Another issue is posture, particularly with young players. As a teacher, we can set their posture correctly to start with and perhaps neglect to keep on checking it, but young players tend to grow at an alarming rate at certain stages. Every week their limb lengths may be different, so it is the duty of the teacher to be vigilant and constantly guide the student towards better playing habits. Often legs and arms will grow way faster than a student’s trunk, leaving far less core strength. This core strength is essential for good posture and back health. One way we can aid students in making the most of the strength they do have is by helping them to warm up their muscles before even picking up their instruments. A few stretches alongside them may be all it needs, and it will do you, the teacher, the world of good too. Remember that you need to be warm before you start to stretch those muscles though, so encourage the student may be to walk briskly to their lesson venue, or do a few starts jumps with them to get the blood circulating!
A good teacher will then work at a good posture for playing, both standing and seated In the case of upper string players. They will also check the general set up and sizing of the instrument as being appropriate for the student, remembering that it is better for muscles if the instrument is slightly too small rather than too large. They will also take a student’s breathing into account, as without adequate oxygen to feed them, muscles will start to seize up and work against the student’s playing abilities.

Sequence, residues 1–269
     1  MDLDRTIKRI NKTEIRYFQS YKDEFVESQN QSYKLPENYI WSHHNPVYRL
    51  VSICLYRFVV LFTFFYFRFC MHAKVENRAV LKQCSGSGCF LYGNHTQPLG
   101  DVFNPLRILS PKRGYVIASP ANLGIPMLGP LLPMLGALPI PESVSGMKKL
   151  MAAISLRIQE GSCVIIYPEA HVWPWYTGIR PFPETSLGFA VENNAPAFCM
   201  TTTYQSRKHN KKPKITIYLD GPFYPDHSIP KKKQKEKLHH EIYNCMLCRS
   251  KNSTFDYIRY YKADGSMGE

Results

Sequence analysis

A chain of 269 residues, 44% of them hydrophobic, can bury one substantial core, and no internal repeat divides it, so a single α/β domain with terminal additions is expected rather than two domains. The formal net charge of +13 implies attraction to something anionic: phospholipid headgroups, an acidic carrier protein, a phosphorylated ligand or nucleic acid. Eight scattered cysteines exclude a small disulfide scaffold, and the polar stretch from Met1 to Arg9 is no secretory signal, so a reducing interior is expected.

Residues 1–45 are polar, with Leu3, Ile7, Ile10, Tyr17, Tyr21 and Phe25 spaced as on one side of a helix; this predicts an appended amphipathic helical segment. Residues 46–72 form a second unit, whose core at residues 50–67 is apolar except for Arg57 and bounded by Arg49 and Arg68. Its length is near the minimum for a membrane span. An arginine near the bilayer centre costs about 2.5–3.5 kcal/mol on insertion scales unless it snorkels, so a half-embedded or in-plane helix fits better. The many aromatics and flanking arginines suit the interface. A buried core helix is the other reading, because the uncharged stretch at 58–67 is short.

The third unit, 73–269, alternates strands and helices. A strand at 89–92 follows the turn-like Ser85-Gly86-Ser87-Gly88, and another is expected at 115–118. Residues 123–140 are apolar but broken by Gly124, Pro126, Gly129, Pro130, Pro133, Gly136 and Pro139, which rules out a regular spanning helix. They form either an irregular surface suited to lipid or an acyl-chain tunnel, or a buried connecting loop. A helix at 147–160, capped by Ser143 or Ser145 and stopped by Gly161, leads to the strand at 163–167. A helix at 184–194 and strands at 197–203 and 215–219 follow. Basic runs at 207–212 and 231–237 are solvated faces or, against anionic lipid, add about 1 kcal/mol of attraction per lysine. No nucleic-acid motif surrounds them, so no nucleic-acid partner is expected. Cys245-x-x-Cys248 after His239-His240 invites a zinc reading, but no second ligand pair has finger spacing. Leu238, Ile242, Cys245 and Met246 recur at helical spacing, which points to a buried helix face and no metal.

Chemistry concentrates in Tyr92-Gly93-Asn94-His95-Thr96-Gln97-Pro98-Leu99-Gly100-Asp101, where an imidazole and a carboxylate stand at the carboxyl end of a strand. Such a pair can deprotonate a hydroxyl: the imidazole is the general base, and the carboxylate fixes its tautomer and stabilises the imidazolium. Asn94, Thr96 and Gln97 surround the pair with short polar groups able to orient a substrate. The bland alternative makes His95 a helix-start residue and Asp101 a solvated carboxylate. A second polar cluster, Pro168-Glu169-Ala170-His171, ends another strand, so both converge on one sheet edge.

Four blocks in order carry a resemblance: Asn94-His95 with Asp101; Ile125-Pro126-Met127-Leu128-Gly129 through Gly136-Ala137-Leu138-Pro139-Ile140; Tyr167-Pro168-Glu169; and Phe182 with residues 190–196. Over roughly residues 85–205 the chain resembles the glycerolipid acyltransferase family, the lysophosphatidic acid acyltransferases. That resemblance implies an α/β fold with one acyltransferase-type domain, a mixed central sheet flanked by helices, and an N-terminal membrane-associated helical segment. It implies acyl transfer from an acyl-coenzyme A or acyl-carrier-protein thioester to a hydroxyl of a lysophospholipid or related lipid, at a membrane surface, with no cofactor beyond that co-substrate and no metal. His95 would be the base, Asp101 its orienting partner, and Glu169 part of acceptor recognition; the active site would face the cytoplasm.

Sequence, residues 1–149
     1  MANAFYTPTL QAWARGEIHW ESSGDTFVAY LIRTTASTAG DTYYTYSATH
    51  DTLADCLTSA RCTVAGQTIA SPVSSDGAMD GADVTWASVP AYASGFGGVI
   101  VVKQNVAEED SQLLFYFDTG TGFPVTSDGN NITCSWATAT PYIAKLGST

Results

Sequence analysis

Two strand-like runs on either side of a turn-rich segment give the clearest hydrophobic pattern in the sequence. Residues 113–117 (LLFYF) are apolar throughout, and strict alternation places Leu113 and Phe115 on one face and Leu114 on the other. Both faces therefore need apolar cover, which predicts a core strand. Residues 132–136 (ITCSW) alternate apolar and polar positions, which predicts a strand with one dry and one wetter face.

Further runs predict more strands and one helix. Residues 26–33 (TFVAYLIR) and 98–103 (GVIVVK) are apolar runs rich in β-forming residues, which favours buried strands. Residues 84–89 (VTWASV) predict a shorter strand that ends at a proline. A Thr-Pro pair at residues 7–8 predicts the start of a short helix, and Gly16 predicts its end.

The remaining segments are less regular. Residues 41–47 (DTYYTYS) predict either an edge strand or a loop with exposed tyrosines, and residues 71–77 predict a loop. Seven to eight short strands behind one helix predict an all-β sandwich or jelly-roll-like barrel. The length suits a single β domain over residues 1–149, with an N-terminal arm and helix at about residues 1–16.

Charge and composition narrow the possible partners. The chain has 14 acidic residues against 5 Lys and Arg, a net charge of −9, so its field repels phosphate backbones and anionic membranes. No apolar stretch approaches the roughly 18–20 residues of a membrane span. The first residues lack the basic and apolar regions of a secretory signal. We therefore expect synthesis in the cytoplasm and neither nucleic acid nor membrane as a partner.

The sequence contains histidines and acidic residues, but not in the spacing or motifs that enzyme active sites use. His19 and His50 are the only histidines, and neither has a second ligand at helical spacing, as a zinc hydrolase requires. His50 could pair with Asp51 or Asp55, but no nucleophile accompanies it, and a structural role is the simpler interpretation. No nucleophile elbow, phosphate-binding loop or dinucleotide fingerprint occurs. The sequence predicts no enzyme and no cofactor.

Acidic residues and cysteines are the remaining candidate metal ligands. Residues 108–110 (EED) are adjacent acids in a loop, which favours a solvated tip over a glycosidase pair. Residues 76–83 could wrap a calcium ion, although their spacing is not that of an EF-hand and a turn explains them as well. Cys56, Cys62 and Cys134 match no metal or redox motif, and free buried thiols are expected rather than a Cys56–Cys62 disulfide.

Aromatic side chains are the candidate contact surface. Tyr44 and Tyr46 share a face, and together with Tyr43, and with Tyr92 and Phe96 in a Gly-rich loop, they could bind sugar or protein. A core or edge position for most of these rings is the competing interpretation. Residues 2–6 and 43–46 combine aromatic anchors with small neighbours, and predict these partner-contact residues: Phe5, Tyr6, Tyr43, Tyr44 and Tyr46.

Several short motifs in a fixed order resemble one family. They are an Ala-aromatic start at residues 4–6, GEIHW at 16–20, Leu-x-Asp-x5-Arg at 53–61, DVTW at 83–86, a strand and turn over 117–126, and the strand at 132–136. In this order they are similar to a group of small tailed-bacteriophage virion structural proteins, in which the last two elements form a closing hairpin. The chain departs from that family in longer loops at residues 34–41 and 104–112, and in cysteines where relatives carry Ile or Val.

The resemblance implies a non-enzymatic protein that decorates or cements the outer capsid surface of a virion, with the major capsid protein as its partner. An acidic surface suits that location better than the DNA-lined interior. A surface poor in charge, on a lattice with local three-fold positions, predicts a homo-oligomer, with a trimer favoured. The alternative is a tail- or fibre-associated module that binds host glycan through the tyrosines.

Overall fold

Movements when playing
Then come the actual physical movements of playing. A good bow hold and left-hand shape are just the beginnings. Any teacher should have a basic knowledge of anatomy and how the muscles and tendons work in each action we are demanding of the body when playing. They should also understand about the assertion and conservation of energies that are appropriate for each movement. The middle range of energies is much healthier than overexertion, which not only leads to a more forced sound quality but also faster muscle fatigue with all its inherent faults as touched on briefly earlier in this writing. Movements should be smooth and flowing, not aggressive and angular – think curves and round shapes rather than squares and triangles!
Rest those muscles!
The next thing is to physically rest enough during a practice session, or even lesson! Generally, a ten-minute break for every hour of work is essential, but resting briefly, stretching and realigning physical posture frequently throughout a practice session can only lead to better playing techniques and health in the long term.
A really inspired teacher may consult a sports physio, or study practices such as Alexander Technique and Feldenkrais – and encourage their students too as well. Yoga and Pilates can also be of great benefit.
If you do develop pains, don’t ignore them! Talk to your teacher, your doctor or another professional and do as they advise, even if that involves taking a rest from arduous practice routines, but best of all try to avoid the situation in the first place by thinking about body health from the outset.
Feel free to reach out to us for any assistance.